Breakers throwing themselves onto boulders, pushing into crevices:
Plop—Plip—Polyp Plup—Ploop—Polyp Polyp—Plop—Plop
No two waves sound alike.

The guest bedroom is overlooking the bay from the villa’s second floor.

The rich are not happier, I can tell you that.  They simply conduct their feuds and brood over their problems in specious, tastefully furnished houses.  Fine wine stacked in the racks.  Porches hover over the ocean.  Expensive cars in the driveways. 

Blue blooded New Englanders.  Well educated.  Well traveled.  Well manners.  (Their vacation homes were bought while my grandparents escaped flaming Europe.)  I cleverly interject a comment into their conversation here and there.  To get their polite attention for one, perhaps two minutes.  Unfamiliar with their terminology, following the chat around the dinner table feels like cracking open a beer bottle with my teeth.

I do not ski
I am not well connected
I am not even from here

In the morning I will wake to the summery sun pouring through the windows, and step downstairs to the morning room for some coffee.  But tonight I shall lounge on the wide guest bed with my laptop for company and listen to the ocean, as the surf crashes against the rocks: 
Plep—Plop—Polyp  Ploop—Plip—Plup Plop—Plip—Ploop

I peer into the inky night, and the ceaseless waves wash away my worries.

Friday, May 17, 2013

The Road

Nice car.
I like that light blue.

Who’s driving it?
Long dark hair … She looks somewhat familiar.
Do I know her?

Gee, she’s going fast,
Zipping through the streets with
Open windows.
Pursed lips.
Eyes squinted.
Brow frowned. 

I wonder where she’s headed.
Meeting someone?
Do I know him?

The landscape is opening up with each mile.
Trees canopying above,
Sunrays filter through the
Tender springtime leaves. 
Soon the road will cross a covered bridge.
Underneath, the tranquil flow of water would
Murmur its melodies. 
The driver's hair billows in the light breeze.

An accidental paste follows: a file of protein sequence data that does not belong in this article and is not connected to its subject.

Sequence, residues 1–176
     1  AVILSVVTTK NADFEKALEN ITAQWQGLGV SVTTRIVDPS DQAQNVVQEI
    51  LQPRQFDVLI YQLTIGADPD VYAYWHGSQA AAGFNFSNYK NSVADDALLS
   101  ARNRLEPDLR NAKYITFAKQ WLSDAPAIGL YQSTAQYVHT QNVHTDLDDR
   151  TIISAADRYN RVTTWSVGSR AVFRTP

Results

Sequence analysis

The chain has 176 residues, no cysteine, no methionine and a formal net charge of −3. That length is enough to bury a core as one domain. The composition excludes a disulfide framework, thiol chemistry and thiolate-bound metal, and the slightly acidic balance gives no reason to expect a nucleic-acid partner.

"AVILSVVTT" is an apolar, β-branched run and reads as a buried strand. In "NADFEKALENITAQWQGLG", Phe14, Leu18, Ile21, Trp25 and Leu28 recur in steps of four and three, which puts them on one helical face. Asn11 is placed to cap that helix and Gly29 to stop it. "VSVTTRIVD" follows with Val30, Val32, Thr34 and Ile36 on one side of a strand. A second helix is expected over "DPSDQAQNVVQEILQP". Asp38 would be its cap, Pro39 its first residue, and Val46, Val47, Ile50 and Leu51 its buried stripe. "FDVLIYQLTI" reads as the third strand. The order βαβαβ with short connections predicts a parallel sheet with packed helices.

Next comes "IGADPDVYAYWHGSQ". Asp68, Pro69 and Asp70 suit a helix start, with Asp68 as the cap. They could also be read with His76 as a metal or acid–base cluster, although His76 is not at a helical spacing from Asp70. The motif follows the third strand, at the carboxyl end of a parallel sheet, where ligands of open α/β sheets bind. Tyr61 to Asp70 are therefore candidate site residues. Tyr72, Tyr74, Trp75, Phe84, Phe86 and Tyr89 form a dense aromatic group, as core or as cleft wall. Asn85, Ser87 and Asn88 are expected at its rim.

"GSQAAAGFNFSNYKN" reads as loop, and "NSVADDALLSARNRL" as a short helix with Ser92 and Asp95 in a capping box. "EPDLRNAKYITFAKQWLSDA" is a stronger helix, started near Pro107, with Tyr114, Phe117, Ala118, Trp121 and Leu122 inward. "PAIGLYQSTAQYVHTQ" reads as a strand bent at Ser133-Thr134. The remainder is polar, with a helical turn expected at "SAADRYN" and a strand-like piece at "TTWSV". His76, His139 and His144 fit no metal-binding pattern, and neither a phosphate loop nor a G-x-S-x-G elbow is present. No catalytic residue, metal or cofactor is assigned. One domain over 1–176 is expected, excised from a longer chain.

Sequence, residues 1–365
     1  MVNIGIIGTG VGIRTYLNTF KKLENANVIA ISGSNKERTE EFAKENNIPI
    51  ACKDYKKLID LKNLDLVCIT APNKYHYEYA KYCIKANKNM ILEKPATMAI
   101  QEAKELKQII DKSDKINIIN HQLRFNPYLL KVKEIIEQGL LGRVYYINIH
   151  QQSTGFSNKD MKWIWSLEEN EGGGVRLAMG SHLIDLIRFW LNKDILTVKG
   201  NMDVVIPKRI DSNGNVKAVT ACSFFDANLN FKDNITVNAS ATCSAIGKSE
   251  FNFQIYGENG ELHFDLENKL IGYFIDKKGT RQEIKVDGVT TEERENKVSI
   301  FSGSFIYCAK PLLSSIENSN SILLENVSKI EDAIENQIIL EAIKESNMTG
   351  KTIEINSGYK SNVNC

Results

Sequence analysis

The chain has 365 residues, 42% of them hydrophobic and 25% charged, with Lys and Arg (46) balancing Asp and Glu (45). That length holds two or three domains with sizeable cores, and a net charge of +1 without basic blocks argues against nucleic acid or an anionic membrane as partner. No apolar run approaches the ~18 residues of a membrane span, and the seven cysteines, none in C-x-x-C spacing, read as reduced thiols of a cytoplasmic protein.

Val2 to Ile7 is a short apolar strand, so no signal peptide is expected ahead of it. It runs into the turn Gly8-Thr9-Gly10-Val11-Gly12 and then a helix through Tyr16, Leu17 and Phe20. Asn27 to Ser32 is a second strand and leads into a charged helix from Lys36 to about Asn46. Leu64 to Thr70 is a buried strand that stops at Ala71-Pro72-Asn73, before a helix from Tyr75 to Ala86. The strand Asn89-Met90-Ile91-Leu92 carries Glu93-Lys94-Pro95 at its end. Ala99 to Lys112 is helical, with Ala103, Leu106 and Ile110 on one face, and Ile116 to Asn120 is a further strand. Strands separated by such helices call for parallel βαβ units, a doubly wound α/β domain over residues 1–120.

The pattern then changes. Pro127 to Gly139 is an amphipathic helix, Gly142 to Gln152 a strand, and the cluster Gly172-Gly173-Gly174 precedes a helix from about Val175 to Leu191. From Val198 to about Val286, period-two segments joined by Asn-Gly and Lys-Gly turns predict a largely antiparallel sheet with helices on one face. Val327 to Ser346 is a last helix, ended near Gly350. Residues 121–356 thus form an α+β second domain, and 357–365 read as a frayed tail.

Is a smile forming on her lips?

I like driving in the countryside
Where I can finally
                                    b r e a t h e

Friday, April 26, 2013


Where the hills meet the water in the distance
it's getting dark now and I can see the leaves are changing color from
Green to deep blue
Your hair seems lighter in the cooling air
Your lips are mellow
Your hands reach forward

To grasp the colors
Before the close of day

Friday, April 5, 2013

A certain something

I move away from you, I look away from you
My eyes averted, my attention elsewhere; anywhere but you
My voice is stable, my motions well controlled.  One
Would never know.  One could never tell
One might even guess the opposite
Not a trace of betrayal in my gestures.  As if nothing at all 
Nothing at all

And all this time
The warmth of your painfully-alluring chest is calling me
To sit in your lap, to have your arms round me, my head under your chin
The smell of you penetrate me

Was that the scent in my dream, when 
Your torso leaned back
Your sweaty skin against my breasts, glistening as if you just emerged from water

I say naught.  I do naught.  I say and do naught
In the face of this certain something
A skip.  A thump.  A skip, a thump, and a gasp—all at once
Even when our fingers slightly touched in an ordinary act of object changing hands; less then an inch, a few millimeters of skin against skin
Nothing much, really.  But

I quickly step away and walk into the crisp autumn air
To type these words
From the safety of my keyboard

Aching for more

Friday, March 29, 2013


Where have the years gone?
My yesterdays are strung together like a bundle of supermarket ads.

This unstoppable time
torments me.

Where have my years gone;
I see them in the wrinkles the mirror throws
back at me.
In the lusterless hair strands
The loose skin.

Is that all, I wonder.
What else, rustles the wind,
what else

Saturday, March 23, 2013


      “What, no husband?” they would have asked her back home.  “No children?” they would have shaken their heads in reproach, adding, “And who will take care of you when you’re old?”
       “Well, I’ll just never grow old then,” her smiling reply would have met their scolding looks; as adults do at a child’s idiocy.
       And when the high holidays would come around, she’d be the spare wheel, the address for the sorrow of others.  “And no,” they would have firmly clarified, “we will simply not allow it; no one should sit at home all alone on Rosh Hashanah!”  The mere thought would have been equal to blasphemy, she would have known and kept her lips sealed, sat quietly at the table, and wished herself out of there and as far away as possible.  Over the mountains, beyond the seas, filling the air with her hurry.  Away, away, she would have urged her wings to stir harder. 
       She reminds myself:  She had left long ago. Back home is far aback now.